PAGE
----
Thank you, Morgan! I like your tip about planning menus while thinking of the produce/ingredient shelf life. For that reason I’ve lately been planning meals with frozen veggies for the end of the week, or choosing to have our weekly meal out on Friday night when we’re almost out of groceries. I also agree, ClickList is great! I don’t use it every week but occasionally it is a lifesaver. Great idea to plan and shop simultaneously! Thanks for sharing your strategies with us!!

Connect with Morgan for more inspiration on Facebook, Pinterest, Twitter, Instagram, and YouTube!

How I Eat

How I Eat: Twin Mama with a Passion for Cooking Locally, Seasonally, and Frugally

Welcome to How I Eat: Meal Planning for Normal People. (If you missed it, click over to read more about this series on The Pajama Chef.) This series is meant to inspire readers (and myself!) with tips and tricks for meal planning and getting dinner on the table. Whether you’re cooking for one or a crowd, I firmly believe that good food shouldn’t be sacrificed just because life is busy.

How I Eat, Amy: Twin Mama with a Passion for Cooking Locally, Seasonally, and Frugally

Today’s feature on How I Eat is Amy of Savory Moments. Amy loves food, as many food bloggers do, but her interest was sparked by a trip to Thailand! How cool is that? Currently Amy stays at home with her boy/girl twins, who are just a little younger than my son. It’s been so fun to get baby/toddler cooking ideas from Amy and chat online about kid stuff. Amy has lots of baby/toddler recipes on her blog and even started a Facebook group on this topic that I’ve found really helpful! Before kids, she worked in aquatic ecosystem restoration and science. I’ve been following Amy’s blog for awhile and have always been impressed with her interest in cooking seasonally, locally, and frugally.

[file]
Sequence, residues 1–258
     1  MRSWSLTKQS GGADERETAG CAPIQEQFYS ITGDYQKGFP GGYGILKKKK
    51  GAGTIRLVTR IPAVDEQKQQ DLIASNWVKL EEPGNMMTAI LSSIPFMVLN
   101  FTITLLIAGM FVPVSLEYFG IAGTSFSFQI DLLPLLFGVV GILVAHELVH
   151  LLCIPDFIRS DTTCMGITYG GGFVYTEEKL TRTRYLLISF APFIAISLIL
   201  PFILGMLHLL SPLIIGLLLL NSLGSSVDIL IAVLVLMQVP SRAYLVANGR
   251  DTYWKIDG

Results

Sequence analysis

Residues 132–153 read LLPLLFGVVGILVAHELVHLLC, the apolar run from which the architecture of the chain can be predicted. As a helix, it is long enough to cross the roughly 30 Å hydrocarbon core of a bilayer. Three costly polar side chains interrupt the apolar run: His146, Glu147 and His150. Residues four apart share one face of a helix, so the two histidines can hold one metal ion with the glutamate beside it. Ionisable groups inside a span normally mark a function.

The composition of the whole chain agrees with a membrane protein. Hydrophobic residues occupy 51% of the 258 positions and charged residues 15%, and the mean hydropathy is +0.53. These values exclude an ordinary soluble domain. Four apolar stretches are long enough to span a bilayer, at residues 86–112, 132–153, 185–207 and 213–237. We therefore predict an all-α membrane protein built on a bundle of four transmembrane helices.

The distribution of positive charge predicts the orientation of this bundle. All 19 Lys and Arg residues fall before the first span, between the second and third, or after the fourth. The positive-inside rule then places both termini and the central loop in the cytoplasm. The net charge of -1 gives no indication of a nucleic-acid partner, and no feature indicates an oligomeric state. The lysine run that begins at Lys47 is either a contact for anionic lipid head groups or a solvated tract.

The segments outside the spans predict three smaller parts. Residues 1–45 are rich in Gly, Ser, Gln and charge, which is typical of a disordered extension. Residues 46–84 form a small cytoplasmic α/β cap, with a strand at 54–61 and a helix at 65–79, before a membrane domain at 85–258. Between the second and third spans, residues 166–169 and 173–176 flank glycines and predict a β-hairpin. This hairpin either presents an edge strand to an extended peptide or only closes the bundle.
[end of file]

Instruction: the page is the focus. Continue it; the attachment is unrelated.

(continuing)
Tell us about yourself. Who are you cooking for? What else influences how you get meals on the table?

I cook for my husband who has a crazy work schedule and our twin toddlers (and myself, of course!). I’m currently a SAHM, but with two rambunctious toddlers, kitchen time can be difficult to come by!